The province is selling out on vaunted green space that Premier Dalton McGuinty vowed to protect, argues a community taking on a proposed gas-fired power plant in the middle of Ontario's Greenbelt.
And tiny King township is using the province's own Greenbelt legislation in a last-ditch attempt to fight the generator.
"I find it completely ironic that we're having to defend provincial legislation and provincial rules and regulations against another provincial ministry," said Jamie Reaume, head of the Holland Marsh Growers Association.
He represents farmers in Holland Marsh - the bowl-like flood plain, vegetable patch of Ontario and what he calls one of the most heavily regulated pieces of land in the province.
It's also 500 metres away from the proposed 350-megawatt gas-fired power plant the Ontario Power Authority wants to see completed by 2014. That power is needed - immediately - to satisfy a growing, energy-thirsty population in northern York Region, the power authority argues.
But the plant would also be the first in Ontario's Greenbelt, whose fifth anniversary the province celebrated this year. And its vocal opponents argue the province isn't following its own strict rules designed to preserve that increasingly rare green space. So they have to.
A hearing at the Ontario Municipal Board, a provincial mediator that normally settles development disputes between local governments and third parties, starts Tuesday. The board will determine whether the power plant's site plan should go ahead and, more crucially, whether the plans contravene the province's own Greenbelt legislation.
The OPA argues that there's nowhere else to put what they say is a much-needed "peaker" generator to address spikes in the energy needs of a regional population growing far more rapidly than the rest of the province.
The relatively clean gas-fired technology is becoming increasingly popular as the province tries to make good on its vow to eliminate coal-fired generators while putting planned nuclear expansions and refurbishments on hold. They're also a significant part of the Green Energy Act, which has won environmental accolades continent-wide.
King township's mayor Margaret Black argues that the plant won't help her residents and could indeed go elsewhere. Moreover, she argues the proposal would violate the province's own Greenbelt plan, which has strict criteria for the kind of infrastructure development allowed to encroach on the protected rural and agricultural areas.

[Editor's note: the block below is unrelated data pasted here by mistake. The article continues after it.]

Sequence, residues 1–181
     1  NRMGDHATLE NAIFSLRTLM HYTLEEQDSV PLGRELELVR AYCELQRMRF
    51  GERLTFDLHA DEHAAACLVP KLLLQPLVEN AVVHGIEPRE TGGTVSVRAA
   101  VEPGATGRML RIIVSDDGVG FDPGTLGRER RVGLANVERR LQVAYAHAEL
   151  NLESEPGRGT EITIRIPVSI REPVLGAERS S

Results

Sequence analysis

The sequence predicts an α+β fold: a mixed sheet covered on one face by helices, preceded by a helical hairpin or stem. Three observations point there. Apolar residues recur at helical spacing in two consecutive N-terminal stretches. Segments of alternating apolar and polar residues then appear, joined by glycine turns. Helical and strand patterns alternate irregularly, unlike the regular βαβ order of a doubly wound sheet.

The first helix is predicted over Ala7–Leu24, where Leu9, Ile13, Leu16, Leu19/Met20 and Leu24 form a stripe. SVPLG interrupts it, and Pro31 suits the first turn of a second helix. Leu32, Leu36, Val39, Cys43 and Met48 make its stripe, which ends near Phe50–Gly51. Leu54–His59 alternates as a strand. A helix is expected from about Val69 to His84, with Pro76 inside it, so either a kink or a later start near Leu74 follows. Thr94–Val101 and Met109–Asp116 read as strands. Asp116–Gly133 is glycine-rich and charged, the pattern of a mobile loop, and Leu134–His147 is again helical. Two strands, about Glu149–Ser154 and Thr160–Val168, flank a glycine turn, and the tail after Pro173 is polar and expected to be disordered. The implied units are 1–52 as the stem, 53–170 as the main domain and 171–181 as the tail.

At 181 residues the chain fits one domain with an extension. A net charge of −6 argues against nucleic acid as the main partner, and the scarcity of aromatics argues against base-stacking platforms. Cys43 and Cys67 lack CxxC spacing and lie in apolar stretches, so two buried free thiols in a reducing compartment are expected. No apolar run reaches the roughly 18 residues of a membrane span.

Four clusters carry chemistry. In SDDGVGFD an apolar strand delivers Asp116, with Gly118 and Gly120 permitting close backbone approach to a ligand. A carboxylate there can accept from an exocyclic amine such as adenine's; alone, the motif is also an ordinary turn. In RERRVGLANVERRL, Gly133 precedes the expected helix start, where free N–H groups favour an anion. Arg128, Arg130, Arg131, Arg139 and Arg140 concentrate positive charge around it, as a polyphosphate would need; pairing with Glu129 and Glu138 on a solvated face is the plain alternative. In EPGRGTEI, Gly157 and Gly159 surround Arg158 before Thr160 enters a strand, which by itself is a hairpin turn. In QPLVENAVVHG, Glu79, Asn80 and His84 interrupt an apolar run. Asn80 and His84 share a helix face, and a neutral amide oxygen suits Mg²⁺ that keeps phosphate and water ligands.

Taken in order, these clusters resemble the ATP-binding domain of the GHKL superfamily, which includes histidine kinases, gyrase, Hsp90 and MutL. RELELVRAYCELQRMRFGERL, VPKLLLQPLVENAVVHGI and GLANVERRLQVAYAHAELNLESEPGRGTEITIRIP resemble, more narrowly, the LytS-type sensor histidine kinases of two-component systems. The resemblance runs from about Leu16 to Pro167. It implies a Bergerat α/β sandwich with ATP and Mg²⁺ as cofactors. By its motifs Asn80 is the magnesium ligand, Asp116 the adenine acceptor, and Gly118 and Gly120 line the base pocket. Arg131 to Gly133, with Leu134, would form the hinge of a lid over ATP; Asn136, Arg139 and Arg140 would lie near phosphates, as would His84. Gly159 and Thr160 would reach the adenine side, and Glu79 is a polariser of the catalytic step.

Farmers and residents in the area aren't satisfied with the environmental assessment that gave Pristine Energy's project a stamp of approval: The proposed plant is too close for comfort to a flood plain and to Holland Marsh's rich agricultural areas.
But environmental lawyer David Donnelly says whether or not the plant violates the law of Ontario's Greenbelt, it violates the principle of keeping a small part of southern Ontario wild.
"Every time you nibble at the footprint of the Greenbelt, you undermine its integrity. This plant won't destroy the Greenbelt, but it undermines the sacred principle that we preserve outright a very small part of southern Ontario called the Greenbelt. And this violates that. And, worse, it's unnecessary."
King Township has been opposed to the very idea of building in the Greenbelt since the province put out a request for proposals in January, 2008. The latest stage in its battle is in many ways a last resort: Now that the project has passed the province's environmental assessment, said Ontario Power Authority spokesman Ben Chin, the only thing standing in the way of construction is the building permit the city has refused to grant.
The provincial Greenbelt plan stipulates that any infrastructure built in a designated area must serve the local community and economy, minimize negative effects and must be without viable alternatives.
Ms. Black said that's not the case now: If the region needs a power plant that badly, she argues, it should be in an existing industrial area.
But Mr. Chin said the northern York Region's population is growing faster than the rest of the province, and the power authority has no leeway when it comes to picking a location.
"The northern York Region is below international standards in terms of system security or reliability in terms of their transmission lines. … When you have a local area that's not stable it puts the entire area around it at risk," he said. "The government's Greenbelt legislation allows for new generators to supply communities within the Greenbelt."
"Peaker" power plants are rarely popular with local residents: One need only look to ongoing battles over similar generators in Oakville and Leslieville. Opponents of power plants designed to be of use only 10 to 15 per cent of the time when demand is greatest, point to dipping recessionary energy use. Even with the economy picking up, they argue, historical energy-use trends will stop their upward climb as energy efficiency grows.
Challenges to restrictive Greenbelt legislation aren't new, either. But this case is different, Mr. Donnelly said: In those cases, the province stepped in to defend the preserved parkland.
"If you can put a gas-fired plant in the Greenbelt, then what about a waste transfer station? What about an EMS emergency station? It emboldens future regimes that might not be as sympathetic to the Greenbelt to point to this as an instance where people were willing to compromise something the public certainly felt was untouchable."